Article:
There are many proxies used to measure nitrogen (N) availability in watersheds, but the degree to which they do (or do not) correlate within a watershed has not been systematically addressed. We surveyed the literature for intact forest or grassland watersheds globally, in which several metrics of nitrogen availability have been measured. Our metrics included the following: foliar δ15N, soil δ15N, net nitrification, net N mineralization, and the ratio of dissolved inorganic to organic nitrogen (DIN : DON) in soil solution and streams. We were particularly interested in whether terrestrial and stream based proxies for N availability were correlated where they were measured in the same place. Not surprisingly, the strongest correlation (Kendall's τ) was between net nitrification and N mineralization (τ = 0.71, p < 0.0001). Net nitrification and N mineralization were each correlated with foliar and soil δ15N (p < 0.05). Foliar and soil δ15N were more tightly correlated in tropical sites (τ = 0.68, p < 0.0001), than in temperate sites (τ = 0.23, p = 0.02). The only significant correlations between terrestrial- and water-based metrics were those of net nitrification (τ = 0.48, p = 0.01) and N mineralization (τ = 0.69, p = 0.0001) with stream DIN : DON. The relationship between stream DIN : DON with both net nitrification and N mineralization was significant only in temperate, but not tropical regions. To our surprise, we did not find a significant correlation between soil δ15N and stream DIN : DON, despite the fact that both have been used to infer spatially or temporally integrated N status. Given that both soil δ15N and stream DIN : DON are used to infer long-term N status, their lack of correlation in watersheds merits further investigation.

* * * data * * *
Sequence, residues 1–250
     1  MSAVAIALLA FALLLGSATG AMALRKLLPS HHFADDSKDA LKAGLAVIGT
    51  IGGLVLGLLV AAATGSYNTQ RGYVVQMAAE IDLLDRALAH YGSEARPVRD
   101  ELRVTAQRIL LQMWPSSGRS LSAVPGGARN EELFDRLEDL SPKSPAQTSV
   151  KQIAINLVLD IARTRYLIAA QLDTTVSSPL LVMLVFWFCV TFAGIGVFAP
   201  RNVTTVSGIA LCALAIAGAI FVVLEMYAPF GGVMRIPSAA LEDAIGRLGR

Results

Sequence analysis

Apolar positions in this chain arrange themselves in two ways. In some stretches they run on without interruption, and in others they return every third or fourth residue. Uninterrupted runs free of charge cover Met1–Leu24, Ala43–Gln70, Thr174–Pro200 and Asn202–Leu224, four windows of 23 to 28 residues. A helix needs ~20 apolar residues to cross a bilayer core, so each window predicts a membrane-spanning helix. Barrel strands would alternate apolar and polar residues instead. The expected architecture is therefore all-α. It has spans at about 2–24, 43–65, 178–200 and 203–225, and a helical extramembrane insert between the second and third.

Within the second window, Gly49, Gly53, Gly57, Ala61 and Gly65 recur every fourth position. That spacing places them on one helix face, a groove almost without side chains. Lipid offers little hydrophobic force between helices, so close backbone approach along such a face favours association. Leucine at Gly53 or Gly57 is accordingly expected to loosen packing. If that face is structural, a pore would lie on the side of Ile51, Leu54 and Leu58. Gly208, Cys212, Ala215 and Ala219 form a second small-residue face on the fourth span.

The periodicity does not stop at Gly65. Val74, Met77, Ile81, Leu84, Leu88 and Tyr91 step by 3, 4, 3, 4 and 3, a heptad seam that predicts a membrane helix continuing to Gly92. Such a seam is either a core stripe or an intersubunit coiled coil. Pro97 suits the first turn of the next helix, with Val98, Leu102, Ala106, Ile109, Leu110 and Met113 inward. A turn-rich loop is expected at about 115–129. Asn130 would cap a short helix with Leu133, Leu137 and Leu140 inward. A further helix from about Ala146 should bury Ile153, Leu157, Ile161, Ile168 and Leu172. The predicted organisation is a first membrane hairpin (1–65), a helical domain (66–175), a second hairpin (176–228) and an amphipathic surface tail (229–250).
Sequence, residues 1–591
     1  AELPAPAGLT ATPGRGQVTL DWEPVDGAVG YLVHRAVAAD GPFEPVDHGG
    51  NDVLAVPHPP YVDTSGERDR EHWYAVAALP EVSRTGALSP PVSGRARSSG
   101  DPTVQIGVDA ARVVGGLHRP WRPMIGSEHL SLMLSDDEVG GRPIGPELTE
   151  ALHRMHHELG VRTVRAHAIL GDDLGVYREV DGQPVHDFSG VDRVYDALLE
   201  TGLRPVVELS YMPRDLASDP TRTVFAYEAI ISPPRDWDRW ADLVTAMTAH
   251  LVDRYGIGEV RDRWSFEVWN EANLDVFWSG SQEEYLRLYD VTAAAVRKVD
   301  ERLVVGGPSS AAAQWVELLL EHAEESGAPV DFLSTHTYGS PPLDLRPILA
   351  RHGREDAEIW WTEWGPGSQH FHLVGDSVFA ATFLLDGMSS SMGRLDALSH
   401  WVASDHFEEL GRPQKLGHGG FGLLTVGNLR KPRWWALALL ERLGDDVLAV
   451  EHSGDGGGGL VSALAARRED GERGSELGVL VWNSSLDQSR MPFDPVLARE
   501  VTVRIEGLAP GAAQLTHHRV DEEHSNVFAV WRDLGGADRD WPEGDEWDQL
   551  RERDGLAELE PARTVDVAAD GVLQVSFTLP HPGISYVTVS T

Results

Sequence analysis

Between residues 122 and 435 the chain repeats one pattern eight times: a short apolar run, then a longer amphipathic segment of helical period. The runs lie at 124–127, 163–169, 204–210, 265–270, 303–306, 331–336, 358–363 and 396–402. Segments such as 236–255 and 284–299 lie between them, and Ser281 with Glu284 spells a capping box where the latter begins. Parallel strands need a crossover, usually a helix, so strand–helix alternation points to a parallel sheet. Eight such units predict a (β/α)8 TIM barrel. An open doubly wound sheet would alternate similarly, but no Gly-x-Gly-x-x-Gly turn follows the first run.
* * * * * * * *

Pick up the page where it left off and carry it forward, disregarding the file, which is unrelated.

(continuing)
Almaraz, M. and Porder, S. (2016): Reviews and syntheses: measuring ecosystem nitrogen status – a comparison of proxies. Biogeosciences. DOI: 10.5194/bg-13-5395-2016
This Paper/Book acknowledges NSF CZO grant support.